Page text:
One of South Africa’s key kicking options was Willie le Roux, who despite playing less time actually made more kicks (six) than his fly-half Handre Pollard (four). Half of the six kicks that le Roux unleashed were bombs – a high, contestable kick from open play – and all three of them were retained by teammates, the first of which led to his own disallowed try. Le Roux operated as a first receiver for the Boks regularly and this added option looked to be working well, but when he went off after a dangerous tackle from Hamish Watson, the home side ran out of options in attack and looked blunted.

The second Test in this series is set to be as ferocious as the first, with so much to play for and a few scores to be settled too. Will we see similar kicking trends in the match, or will one of the sides look to vary their options and gain the upper hand with a surprise strategy?

First test kick location, both sides
South Africa kicks vs. Lions on left, Lions kicks vs. South Africa on right

Neutralising Cheslin Kolbe

The Lions winning the kicking battle took them a long way to securing victory against the Springboks, but they also nullified their greatest attacking threats too, with South African wingers Makazole Mapimpi (two carries) and Cheslin Kolbe (three carries) making a combined five carries and failing to beat a single defender with the ball in hand. For the latter, it was his fewest carries so far in any of his 11 Test starts and he failed to beat a single defender for the first time when starting a match too. In total, Kolbe touched the ball just six times in the game – three times in the opening 25 minutes and three times in the final 15 – with the diminutive wing not seeing any of the ball for 40 minutes in between.

The Lions marshalled the Springboks defence well enough to ensure that Kolbe didn’t have any space when the ball did come his way and they will need to do it once again in the second Test this weekend. Worryingly for the Lions, the Toulouse wing has proven throughout his career that he doesn’t require much ball to make things happen.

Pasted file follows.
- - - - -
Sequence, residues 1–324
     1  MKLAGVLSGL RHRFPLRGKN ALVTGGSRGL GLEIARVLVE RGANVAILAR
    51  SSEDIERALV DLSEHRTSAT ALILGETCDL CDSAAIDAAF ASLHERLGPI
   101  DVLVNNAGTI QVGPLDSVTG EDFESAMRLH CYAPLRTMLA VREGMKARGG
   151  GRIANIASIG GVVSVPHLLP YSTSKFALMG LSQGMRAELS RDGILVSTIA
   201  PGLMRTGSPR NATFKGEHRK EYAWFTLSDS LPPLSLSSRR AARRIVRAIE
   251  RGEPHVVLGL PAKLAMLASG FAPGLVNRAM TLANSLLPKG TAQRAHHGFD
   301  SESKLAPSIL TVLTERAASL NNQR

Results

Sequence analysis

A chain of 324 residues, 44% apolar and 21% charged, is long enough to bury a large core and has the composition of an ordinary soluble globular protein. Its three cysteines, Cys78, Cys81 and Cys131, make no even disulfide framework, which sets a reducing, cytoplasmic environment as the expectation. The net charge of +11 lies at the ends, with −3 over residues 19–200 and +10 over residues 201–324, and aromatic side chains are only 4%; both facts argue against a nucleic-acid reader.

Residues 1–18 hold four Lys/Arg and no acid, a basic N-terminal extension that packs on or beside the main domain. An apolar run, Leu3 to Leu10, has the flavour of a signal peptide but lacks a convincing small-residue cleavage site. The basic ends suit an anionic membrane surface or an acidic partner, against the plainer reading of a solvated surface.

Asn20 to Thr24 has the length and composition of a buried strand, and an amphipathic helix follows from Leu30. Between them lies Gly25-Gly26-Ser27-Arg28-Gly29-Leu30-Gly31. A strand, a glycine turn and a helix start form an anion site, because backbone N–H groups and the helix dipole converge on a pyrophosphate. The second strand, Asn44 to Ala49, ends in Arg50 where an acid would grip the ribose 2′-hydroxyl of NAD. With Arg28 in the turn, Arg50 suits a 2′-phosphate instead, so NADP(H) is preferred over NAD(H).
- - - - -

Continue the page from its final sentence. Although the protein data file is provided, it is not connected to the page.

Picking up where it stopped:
Since his South Africa debut, Kolbe has had just 106 touches and 74 carries in 15 matches, an average of just seven touches and five carries per game, but generally he makes a huge impact with those limited possessions, more often than not through his incredible ability to beat his opposite number. In his Test career, Kolbe has evaded 49 of the 92 tackles he’s faced, with his 53% tackle evasion rate being the third best of any non-half back in that time. In fact, going into the first Test of this year’s Lions series he sat top of this ranking. It is hard to believe that Kolbe – one of the best players in the world – won’t produce a moment of magic at some point in this series, and the Lions will be hoping that should it come this weekend, it won’t cost them the Test match.

Tier 1 Non-Half Backs Since Kolbe’s Test Debut:

PlayerTeamDefenders BeatenTackles FacedEvasion %
Cheslin KolbeSouth Africa498955.1%
Joe MarchantEngland112055.0%
Damian PenaudFrance509353.8%
Yoann HugetFrance336253.2%
Damian McKenzieNew Zealand377052.9%
Numbers are before the first test vs. Lions

Kolisi: Time To Stand Up

While the hurting Springboks were quick to point the finger at the officials, skipper Kolisi knows they must improve after squandering a lead in the first Test.

“Of course, we feel a lot of pressure, but we must focus on what we can control and fix the mistakes we made,” said Kolisi.

“We responded well this week and trained well, and we are looking forward to the match. We know we have to stand up in times like these.”

He added: “There are some similarities to losing against New Zealand in our opening game in the World Cup, but this is different because this tournament is only played every 12 years, while the World Cup is played every four years, so we may not have another opportunity.

“We have to turn it up and we are looking forward to the match.”

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Design by Matt Sisneros.